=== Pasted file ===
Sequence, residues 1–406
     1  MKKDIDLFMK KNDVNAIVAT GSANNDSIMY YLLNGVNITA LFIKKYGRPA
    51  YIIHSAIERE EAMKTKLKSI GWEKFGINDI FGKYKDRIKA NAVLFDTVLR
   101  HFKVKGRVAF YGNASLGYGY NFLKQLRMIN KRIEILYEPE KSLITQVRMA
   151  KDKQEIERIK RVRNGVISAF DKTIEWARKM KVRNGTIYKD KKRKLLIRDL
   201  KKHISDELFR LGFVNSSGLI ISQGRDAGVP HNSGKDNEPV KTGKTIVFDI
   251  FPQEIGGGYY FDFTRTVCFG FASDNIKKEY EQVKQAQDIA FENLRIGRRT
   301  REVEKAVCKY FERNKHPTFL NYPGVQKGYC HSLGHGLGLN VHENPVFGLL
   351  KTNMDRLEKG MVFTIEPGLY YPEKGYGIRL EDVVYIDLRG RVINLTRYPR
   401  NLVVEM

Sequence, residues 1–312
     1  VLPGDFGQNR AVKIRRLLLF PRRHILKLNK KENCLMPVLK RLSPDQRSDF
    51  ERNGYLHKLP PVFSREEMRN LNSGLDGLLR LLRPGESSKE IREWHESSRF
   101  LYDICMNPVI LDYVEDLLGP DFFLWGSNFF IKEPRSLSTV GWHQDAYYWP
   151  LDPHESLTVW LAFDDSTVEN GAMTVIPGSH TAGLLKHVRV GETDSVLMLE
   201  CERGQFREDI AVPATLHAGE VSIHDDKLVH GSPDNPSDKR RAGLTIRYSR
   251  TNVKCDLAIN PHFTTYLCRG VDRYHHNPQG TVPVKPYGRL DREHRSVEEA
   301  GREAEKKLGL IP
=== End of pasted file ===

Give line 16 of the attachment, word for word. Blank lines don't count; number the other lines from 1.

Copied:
   201  CERGQFREDI AVPATLHAGE VSIHDDKLVH GSPDNPSDKR RAGLTIRYSR